After years of spending long hours behind the wheel without seeing their paychecks grow, U.S. truck drivers now have employers fighting for their services.
Many freight haulers have in the past year pushed through their biggest raises in decades. Truck-stop job boards and satellite radio airwaves are saturated with want ads, some offering sign-on bonuses topping $5,000 and free bus tickets to drivers willing to switch employers. Companies are equipping their fleets with satellite televisions and other amenities to make life on the road more comfortable.
“It was a lot better income for doing basically the same job, hauling the same product and going to the same customers,” Mr. Topolse said. “It just made sense.”
Drivers are in demand in the shifting $700 billion trucking industry. Business is booming because the economy is expanding and the strong dollar is increasing demand for imported goods that must be transported from ports to cities and towns nationwide, though growth has cooled recently. At the same time, interest in the profession is waning.
Average pay for long-haul truckers jumped 17% since the end of 2013 to a record $57,000 this year, according to the National Transportation Institute, a research group. U.S. wages rose by less than 4%
“Everyone is fighting over the same drivers,” said Dan Pallme, director of the Intermodal Freight Transportation Institute at the University of Memphis. “Eventually, what has to happen is salary has to rise, and the only way motor carriers can do that is by increasing the costs to their customers.”
The long-haul trucking industry, which employs about 800,000 people today, needs an additional 48,000 drivers, according to the American Trucking Associations, a trade group. That is a tall order at a time when unemployment is falling. Many who might have considered trucking are opting for construction work, a job that doesn’t involve long stretches away from home and pays competitive wages.
Trucking companies have always had trouble holding on to staff, with a typical long-haul company replacing nearly all of its drivers over the course of a year. Truck drivers might spend 11 hours a day, nearly every day, behind the wheel, sometimes for weeks on end. They sleep in their truck’s cramped cabin and rely on truck stops for meals and showers—with quality varying widely.
“It’s a hard life,” said Jarrod Ritter, 35, who tried long-haul trucking twice, with neither stint lasting longer than a few months. “You’re living 24 hours a day, seven days a week inside a rolling closet.”
The long-haul trucking industry, which employs about 800,000 people today, needs an additional 48,000 drivers. PHOTO: ALYSSA SCHUKAR FOR THE WALL STREET JOURNALMr. Ritter said he has two young children and couldn’t stomach the unpredictable schedule. He now drives local routes that allow him to return to his hometown of Belen, N.M., nightly.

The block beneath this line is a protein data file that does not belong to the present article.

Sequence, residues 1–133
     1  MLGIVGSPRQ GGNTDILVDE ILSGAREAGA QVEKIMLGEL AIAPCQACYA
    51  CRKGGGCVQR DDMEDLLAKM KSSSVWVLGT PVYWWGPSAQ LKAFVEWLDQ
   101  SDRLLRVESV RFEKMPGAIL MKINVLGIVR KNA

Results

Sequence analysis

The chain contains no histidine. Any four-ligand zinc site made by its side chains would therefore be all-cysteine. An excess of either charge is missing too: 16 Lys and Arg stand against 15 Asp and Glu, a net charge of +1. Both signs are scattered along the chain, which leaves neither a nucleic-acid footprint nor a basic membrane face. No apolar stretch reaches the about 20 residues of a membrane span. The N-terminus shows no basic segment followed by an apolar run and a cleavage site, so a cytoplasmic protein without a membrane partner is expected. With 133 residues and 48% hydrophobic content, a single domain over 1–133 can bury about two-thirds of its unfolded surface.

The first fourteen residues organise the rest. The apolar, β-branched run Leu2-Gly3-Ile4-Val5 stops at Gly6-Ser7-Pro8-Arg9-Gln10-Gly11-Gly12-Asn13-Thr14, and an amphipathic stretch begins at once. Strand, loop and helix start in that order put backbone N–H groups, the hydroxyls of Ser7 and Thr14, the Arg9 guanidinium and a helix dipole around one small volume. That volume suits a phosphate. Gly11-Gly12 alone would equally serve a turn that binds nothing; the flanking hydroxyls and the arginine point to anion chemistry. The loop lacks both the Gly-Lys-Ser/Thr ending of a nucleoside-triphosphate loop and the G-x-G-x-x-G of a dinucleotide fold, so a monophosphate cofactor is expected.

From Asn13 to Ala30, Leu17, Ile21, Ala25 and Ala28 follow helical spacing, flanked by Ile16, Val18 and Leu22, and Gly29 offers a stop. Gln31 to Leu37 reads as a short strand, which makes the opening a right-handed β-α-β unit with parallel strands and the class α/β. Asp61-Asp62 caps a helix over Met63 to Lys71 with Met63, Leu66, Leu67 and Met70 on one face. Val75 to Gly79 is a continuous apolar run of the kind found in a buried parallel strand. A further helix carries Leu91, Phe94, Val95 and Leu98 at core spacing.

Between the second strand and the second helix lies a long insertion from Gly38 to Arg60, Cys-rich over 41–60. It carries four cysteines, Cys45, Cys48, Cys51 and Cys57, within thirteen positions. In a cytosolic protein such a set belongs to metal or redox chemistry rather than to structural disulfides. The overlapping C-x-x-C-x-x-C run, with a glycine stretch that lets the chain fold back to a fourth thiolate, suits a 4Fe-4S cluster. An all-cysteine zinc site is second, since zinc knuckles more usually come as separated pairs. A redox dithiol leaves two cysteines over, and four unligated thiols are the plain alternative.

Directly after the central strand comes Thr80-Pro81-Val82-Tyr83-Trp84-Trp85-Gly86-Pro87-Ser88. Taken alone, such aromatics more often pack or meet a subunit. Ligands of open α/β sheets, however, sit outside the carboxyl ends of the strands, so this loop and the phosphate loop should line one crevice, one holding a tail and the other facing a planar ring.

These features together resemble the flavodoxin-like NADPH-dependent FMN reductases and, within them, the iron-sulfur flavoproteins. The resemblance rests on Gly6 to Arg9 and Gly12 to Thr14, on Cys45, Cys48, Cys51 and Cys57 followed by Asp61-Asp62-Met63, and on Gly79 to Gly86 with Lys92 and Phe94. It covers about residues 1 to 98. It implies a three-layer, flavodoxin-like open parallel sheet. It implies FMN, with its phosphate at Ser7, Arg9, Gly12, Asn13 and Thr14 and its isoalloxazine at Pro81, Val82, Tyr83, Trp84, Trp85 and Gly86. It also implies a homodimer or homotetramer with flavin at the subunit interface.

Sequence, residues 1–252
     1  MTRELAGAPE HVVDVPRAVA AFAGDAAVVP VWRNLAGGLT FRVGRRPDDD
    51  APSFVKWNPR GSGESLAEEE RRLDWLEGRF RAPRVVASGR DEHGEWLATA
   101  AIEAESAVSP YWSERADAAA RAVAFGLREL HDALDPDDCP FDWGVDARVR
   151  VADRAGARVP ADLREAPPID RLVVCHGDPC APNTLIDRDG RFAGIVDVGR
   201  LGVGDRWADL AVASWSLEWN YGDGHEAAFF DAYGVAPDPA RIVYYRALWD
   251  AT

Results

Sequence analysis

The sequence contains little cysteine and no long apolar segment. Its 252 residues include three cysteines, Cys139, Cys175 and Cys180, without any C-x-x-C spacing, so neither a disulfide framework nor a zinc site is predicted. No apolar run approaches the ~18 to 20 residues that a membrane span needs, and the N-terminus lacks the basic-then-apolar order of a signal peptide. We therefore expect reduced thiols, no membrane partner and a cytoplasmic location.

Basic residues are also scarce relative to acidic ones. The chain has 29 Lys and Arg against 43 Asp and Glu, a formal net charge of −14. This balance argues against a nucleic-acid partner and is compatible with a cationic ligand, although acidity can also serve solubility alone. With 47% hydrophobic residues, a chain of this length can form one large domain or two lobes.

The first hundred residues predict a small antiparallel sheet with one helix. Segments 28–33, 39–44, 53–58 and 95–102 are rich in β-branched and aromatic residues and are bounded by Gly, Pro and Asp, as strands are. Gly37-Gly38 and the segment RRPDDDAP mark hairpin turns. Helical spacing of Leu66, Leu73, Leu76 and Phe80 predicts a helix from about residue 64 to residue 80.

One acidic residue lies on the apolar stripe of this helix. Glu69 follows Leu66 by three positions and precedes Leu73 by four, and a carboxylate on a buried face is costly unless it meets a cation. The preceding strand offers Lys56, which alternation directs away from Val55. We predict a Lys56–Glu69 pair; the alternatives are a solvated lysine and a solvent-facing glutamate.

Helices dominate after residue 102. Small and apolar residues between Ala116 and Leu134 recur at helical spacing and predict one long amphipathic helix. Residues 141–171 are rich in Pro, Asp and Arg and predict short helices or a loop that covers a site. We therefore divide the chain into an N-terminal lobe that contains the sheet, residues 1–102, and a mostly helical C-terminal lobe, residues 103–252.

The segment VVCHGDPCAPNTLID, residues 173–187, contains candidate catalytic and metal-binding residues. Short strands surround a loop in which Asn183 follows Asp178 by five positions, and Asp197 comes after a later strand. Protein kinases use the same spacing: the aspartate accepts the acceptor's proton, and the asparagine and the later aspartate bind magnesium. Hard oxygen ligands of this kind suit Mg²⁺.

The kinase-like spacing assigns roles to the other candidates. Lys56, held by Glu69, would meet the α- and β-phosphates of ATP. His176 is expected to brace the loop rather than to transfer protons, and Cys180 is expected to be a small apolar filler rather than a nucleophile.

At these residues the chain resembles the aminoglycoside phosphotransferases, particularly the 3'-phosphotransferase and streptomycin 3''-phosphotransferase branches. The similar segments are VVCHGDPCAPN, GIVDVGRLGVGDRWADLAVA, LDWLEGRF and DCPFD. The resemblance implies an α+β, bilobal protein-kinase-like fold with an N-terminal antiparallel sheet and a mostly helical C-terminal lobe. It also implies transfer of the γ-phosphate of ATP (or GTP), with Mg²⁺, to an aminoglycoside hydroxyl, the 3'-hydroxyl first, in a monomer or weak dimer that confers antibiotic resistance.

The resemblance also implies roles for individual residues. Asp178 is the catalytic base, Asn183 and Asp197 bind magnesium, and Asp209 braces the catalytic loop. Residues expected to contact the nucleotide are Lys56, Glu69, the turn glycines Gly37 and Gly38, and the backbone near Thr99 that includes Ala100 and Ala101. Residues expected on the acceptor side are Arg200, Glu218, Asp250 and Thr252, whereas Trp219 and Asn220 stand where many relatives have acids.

Truckers earn anywhere from $0.30 to $0.60 or more per mile driven. They used to make significantly less; the average annual salary for truckers in 2013 was below 2005 levels, according to the NTI.
U.S. Xpress Inc., a Chattanooga, Tenn.-based trucking fleet, was among the first to push through a large raise last August, when the company boosted pay by 13% across the board, the biggest increase in company history.
Eric Fuller, chief operating officer at U.S. Xpress, said the raise was a snap decision after company recruiters fell short of their quota to hire 200 drivers a week, the number needed to meet customer demand.
Other large carriers matched the move. Trucking companies have had less trouble recruiting recently, in part because the pace of growth in freight volumes has slowed. Still, though normally one round of pay increases brings out enough drivers, the current climate feels different, Mr. Fuller said.
“It’s going to have to happen again. It’s inevitable,” he said.
Higher costs are driving shippers to reconfigure their supply chains. In August, WhirlpoolCorp. opened a distribution center near a railroad spur outside Chicago so the company could load appliances directly from trains, avoiding the need to hire trucks. The amount of goods moved by train is also increasing—but trains can’t deliver to as many locations as trucks, which carry some two-thirds of cargo nationwide.
“Given the fact that the cost of transporting products over the road is rising, it has kind of forced us to rethink our distribution network strategy,” said Jim Keppler, Whirlpool’s vice president of integrated supply chain. “Driver pay is a big part of that.”